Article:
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For the love of tangling

There’s a new love in my life, and its name is tangling!

Early in June of this year, while scrolling through the latest submissions on the FMS Photo A Day Facebook group, a picture of another member’s in-progress black pen drawing caught my eye. More than merely a simple doodle, something about the beauty and complexity of its patterns appealed to me, and I had to know more.


The word Zentangle®1 was mentioned in the discussion surrounding the photo, and a quick Google search led me to the Zentangle web site. With growing excitement I read the “What is Zentangle?” introduction, watched a couple of instructional videos, and knew instinctively that this was it.

This was going to be my thing.


I jumped in with both feet and ordered an assortment of books and supplies (not necessary in order to learn to tangle, but something I am wont to do whenever I get into a new interest!), and anxiously awaited their arrival.

And right from the moment I put pen to paper to learn my first tangle, I was completely smitten.


Now two months, plenty of practice, 39 Zentangle tiles, and eight ZIA (Zentangle-inspired art) pieces later, my love has only grown. Unlike some of my previous pursuits, where my well-intentioned purchases quickly gathered the dust of disuse, my tangling supplies are hardly idle long enough to suffer the same fate.

I think one of the things that appeals most to me about tangling is that even if you don’t consider yourself an artist, or don’t know how to draw, or don’t think you’re creative, you WILL be able to tangle. I’m serious about this! Each tangle is broken down into steps, and single tangles are put together to form larger drawings, so what may look like a complex piece is actually a series of single, simple steps. If you are at all intrigued by this art form, I encourage you to give it a try, and you’ll see what I mean.


Over the past couple of months several people, upon seeing my work and catching on to my excitement, have asked me how I’m learning, what supplies I use, and so on – so I thought I’d share some information on my discoveries in case you might be interested in trying some tangling for yourself.

I hope it’s helpful!


First let me emphasize one point – you do not have to spend a lot of money – or any, for that matter – if you want to tangle! The supplies are simple and basic, and plenty of free information and instruction abounds (on the Zentangle web site, for starters). This is not an exclusive club!

That said, for those of you who – like me – love books and learning and are self-described office- and art-supply junkies… well, you know there are plenty of ways for you to part with your money.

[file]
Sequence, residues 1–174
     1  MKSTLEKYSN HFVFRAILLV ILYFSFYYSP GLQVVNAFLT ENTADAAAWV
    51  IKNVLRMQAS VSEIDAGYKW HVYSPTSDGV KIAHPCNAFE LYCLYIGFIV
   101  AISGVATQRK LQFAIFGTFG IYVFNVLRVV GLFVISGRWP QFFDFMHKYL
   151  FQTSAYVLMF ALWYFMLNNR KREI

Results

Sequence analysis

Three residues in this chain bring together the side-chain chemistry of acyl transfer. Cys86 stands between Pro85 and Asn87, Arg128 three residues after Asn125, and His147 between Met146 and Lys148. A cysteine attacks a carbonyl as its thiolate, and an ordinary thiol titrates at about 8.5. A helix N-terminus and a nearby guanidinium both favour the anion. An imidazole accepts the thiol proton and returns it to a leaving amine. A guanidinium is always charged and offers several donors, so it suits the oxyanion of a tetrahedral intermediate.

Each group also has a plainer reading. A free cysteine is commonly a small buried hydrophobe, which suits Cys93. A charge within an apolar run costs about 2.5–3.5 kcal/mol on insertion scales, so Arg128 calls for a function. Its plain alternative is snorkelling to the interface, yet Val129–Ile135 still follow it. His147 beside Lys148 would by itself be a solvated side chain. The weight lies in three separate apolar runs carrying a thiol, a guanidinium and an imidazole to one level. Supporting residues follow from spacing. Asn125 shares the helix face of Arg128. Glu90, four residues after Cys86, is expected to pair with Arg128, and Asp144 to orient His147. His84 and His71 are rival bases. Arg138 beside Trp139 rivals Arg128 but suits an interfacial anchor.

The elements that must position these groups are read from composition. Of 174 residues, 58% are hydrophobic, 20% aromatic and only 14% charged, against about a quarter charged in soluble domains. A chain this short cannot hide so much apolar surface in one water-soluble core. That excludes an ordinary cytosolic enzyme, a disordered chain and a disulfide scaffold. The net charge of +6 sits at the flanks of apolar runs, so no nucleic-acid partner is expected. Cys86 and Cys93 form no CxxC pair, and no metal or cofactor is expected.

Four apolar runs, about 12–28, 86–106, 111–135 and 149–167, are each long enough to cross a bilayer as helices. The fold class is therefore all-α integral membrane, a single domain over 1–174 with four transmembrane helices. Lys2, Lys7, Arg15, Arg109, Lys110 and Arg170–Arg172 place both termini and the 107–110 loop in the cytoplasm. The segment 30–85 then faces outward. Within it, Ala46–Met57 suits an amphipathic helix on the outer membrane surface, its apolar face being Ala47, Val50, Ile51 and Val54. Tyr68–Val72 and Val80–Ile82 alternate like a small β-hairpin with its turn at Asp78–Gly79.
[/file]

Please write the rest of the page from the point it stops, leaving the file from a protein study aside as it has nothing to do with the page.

I started my tangling journey with the book One Zentangle A Day: A 6-Week Course in Creative Drawing for Relaxation, Inspiration, and Fun by Beckah Krahula, and highly recommend it. I found it to be a great introduction to the process, as well as to art supplies and techniques, and she provides instruction on a large number of tangles, starting with some fairly simple designs and moving towards the more complex. If you only buy one book on tangling, of everything I’ve seen I’d say that this should be the one.

Once I’d completed the lessons in One Zentangle A Day, I moved on to (and am still working through) Totally Tangled: Zentangle and Beyond by Sandy Steen Bartholomew. This is a terrific book as well, with very few repeats and a ton of new tangles – but as many of the tangles she covers are (in my opinion) somewhat more complex, I recommend waiting until you’ve had a little bit of practice and feel comfortable with the process before you start using this book.

If you don’t want to spend any money on books (and even if you do!), an absolutely wonderful free resource that you will definitely want to bookmark is TanglePatterns.com. It’s full to bursting with information and tutorials, and I haven’t even begun to scratch the surface of the many, many tangles she has listed! Linda Farmer, CZT, the creator of the site, is definitely to be thanked for this labour of love.

In terms of supplies, all you really need is a pen, a pencil, and some paper and you’re good to go. But if you’d like to use the specific pens recommended on the site and in the books, the Sakura 50011 11-Piece Zentangle Clamshell Pencil Set is a great option. I also chose to order the Zentangle Kit, which is lovely and a great way to tote your essentials (again, not a necessity – I just like pretty things!).

I hope I’ve covered any questions you might have, but please feel free to ask if there’s anything I’ve missed!


If you’d like to follow along on my tangling journey, I’ve set up a Tumblr – “Ten Thousand Tangles” – where I’ve been posting all of my practice tangles (the good, the bad, and the ugly) as well as my finished pieces. I’m also posting everything on Instagram, if you’d prefer to follow on that platform.

If you do decide to give tangling a try, please let me know… and, if you care to share, I’d love to see some of your work!


1 The Zentangle® Method was created by Rick Roberts and Maria Thomas and is copyrighted. Zentangle® is a registered trademark of Zentangle, Inc. Learn more at zentangle.com.

Laurel Storey, CZT – Certified Zentangle Teacher. Writer, reader, tangler, iPhoneographer, cat herder, learner of French and Italian, crocheter, needle felter, on-and-off politics junkie, 80s music trivia freak, ongoing work in progress.